Marco Polo was no doubt one of the most influential explorers in the world. His tales of the East opened the minds of the Europeans, and his tales were a catalyst for the Age of Exploration in Europe. His influence on geographical exploration was so pivotal that many years later Christopher Columbus used Marco Polo’s book on his voyage to the New World. Marco Polo’s book, The Travels of Marco Polo, was widely published and thousands of copies were printed in different languages. However, many skeptics believe that Marco Polo never actually set foot in China, but used other traveler’s accounts of China as his own. Despite Marco Polo’s huge influence on Europe, the false and wildly exaggerated claims and the amount of Chinese Culture he failed to mention in his book made it evident that Marco Polo was really a fraud and never really made it to China.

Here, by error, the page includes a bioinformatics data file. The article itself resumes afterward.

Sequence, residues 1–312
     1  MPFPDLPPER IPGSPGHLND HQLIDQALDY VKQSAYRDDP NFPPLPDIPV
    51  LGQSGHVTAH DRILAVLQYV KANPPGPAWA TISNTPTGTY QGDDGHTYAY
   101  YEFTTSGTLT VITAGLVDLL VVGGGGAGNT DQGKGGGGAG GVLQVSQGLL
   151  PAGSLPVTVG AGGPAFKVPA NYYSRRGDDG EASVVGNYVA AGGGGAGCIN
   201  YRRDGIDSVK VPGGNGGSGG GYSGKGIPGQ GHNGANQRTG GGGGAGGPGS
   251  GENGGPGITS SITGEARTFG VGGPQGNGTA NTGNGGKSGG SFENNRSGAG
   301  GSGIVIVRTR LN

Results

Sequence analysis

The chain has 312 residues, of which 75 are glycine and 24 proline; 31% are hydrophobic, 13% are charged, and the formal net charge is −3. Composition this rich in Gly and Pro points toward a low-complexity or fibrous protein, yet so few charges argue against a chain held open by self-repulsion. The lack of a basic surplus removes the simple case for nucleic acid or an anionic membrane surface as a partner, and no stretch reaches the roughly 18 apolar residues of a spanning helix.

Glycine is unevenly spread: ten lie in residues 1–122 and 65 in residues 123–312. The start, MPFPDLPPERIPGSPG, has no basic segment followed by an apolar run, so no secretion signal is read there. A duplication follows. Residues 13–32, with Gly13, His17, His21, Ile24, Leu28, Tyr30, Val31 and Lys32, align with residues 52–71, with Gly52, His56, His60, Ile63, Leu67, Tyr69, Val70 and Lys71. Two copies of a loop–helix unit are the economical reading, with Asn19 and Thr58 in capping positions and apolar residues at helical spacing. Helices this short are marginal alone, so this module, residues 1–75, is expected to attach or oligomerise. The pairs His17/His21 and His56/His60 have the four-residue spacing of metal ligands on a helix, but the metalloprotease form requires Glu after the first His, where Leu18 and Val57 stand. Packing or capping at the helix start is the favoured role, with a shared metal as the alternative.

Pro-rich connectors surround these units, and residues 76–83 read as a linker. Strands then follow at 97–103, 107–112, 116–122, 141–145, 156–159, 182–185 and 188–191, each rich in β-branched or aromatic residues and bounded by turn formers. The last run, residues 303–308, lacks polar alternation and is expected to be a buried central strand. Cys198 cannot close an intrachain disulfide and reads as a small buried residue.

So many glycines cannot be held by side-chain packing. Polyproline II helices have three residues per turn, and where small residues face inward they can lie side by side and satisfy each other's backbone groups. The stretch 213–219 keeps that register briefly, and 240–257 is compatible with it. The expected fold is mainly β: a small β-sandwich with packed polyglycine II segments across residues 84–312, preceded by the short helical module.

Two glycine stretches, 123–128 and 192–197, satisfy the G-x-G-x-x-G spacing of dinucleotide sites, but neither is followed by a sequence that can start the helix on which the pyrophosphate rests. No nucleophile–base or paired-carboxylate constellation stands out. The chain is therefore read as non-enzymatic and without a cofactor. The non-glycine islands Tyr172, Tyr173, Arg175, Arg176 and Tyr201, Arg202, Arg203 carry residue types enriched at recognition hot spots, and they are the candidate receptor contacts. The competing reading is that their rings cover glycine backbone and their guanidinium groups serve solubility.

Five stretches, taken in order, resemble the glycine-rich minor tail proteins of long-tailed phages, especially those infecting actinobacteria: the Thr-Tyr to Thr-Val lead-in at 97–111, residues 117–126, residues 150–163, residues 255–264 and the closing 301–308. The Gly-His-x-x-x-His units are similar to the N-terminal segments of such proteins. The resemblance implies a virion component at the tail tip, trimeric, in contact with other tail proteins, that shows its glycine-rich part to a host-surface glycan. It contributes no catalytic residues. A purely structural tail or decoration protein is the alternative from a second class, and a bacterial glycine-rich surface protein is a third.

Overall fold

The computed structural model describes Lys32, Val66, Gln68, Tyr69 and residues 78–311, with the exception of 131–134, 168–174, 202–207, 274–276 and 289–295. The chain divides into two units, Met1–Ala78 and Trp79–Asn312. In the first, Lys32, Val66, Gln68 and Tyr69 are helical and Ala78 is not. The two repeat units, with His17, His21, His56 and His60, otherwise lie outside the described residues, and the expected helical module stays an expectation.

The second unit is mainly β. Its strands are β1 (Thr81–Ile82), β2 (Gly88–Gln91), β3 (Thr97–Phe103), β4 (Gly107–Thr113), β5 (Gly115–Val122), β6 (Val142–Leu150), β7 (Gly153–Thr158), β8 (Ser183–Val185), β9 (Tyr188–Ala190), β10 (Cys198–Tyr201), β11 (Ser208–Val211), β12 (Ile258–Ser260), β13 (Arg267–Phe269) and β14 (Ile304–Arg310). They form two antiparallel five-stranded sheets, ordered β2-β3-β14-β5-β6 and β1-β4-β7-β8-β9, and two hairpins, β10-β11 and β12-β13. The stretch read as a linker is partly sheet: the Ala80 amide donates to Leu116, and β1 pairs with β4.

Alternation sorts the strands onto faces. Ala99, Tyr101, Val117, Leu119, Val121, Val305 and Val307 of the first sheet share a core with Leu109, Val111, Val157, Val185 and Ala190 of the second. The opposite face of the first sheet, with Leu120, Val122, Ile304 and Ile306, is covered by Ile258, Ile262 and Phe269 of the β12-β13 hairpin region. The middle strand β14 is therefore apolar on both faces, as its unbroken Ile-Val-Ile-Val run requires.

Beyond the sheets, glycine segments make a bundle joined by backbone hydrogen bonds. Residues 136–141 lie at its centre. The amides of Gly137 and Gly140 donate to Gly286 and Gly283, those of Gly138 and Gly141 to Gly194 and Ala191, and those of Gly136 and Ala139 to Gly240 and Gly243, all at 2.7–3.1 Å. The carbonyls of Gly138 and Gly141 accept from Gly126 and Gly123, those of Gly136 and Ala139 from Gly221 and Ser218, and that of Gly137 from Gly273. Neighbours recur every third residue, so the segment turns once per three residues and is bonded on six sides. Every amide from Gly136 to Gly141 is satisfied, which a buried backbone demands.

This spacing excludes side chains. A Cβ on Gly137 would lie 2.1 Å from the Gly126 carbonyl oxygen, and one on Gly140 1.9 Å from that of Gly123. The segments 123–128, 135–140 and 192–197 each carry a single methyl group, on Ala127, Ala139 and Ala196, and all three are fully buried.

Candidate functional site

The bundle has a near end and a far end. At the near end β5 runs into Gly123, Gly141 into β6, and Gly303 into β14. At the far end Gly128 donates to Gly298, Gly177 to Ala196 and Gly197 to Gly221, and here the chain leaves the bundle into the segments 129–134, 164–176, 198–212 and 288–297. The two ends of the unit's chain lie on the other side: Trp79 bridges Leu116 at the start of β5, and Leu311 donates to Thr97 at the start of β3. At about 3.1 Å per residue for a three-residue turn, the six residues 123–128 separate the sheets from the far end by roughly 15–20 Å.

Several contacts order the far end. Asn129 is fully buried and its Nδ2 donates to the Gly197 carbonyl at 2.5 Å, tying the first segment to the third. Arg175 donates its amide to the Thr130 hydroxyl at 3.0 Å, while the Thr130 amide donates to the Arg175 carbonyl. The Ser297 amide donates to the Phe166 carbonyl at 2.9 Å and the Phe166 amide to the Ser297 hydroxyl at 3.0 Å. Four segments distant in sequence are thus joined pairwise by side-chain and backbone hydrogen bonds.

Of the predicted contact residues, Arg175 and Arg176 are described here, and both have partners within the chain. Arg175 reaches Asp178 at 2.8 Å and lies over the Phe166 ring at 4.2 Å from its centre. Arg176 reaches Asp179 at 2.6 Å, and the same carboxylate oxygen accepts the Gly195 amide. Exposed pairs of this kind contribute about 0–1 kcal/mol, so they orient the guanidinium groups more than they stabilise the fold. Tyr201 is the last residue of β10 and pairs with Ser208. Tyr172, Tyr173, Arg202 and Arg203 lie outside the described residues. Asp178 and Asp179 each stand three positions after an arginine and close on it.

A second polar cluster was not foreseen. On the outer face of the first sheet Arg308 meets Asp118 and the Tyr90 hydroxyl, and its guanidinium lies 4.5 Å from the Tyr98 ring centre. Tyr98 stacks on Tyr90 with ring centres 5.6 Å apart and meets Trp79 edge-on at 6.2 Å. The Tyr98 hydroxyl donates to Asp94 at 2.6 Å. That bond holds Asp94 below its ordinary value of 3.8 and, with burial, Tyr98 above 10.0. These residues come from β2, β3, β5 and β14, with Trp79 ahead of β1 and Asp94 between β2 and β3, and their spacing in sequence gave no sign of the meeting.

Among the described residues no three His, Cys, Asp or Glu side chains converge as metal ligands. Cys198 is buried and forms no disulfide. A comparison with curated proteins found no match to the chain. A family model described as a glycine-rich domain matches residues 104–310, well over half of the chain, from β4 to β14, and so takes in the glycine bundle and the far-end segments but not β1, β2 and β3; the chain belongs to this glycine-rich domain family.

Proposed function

Historians have questioned Marco Polo’s credibility with his many dubious claims in his book, suggesting that he also fabricated his story about setting foot in China. One false claim Marco Polo made was that he assisted Kublai Khan as a military advisor during the siege of Hsyiang-Yang. According to records, the Chinese siege ended on January 1273, which was two years before Marco Polo actually got to northern China. Another doubtful claim Marco Polo made was that he was the governor of Yangzhou, and served as an ambassador under Kublai Khan. Yet despite his high-ranking positions, his name does not appear in any of the Chinese records. Historians have argued that Marco Polo’s publisher, Rusticello, might have exaggerated his stories to make it more interesting, but that just furthermore questions the credibility of Marco Polo’s book. If Marco Polo and Rusticello exaggerated and lied about so many things, they might have lied or exaggerated about Marco Polo even setting foot in China. In addition to his questionable claims, Marco Polo also fails to mention important aspects of 13th century Chinese life and...
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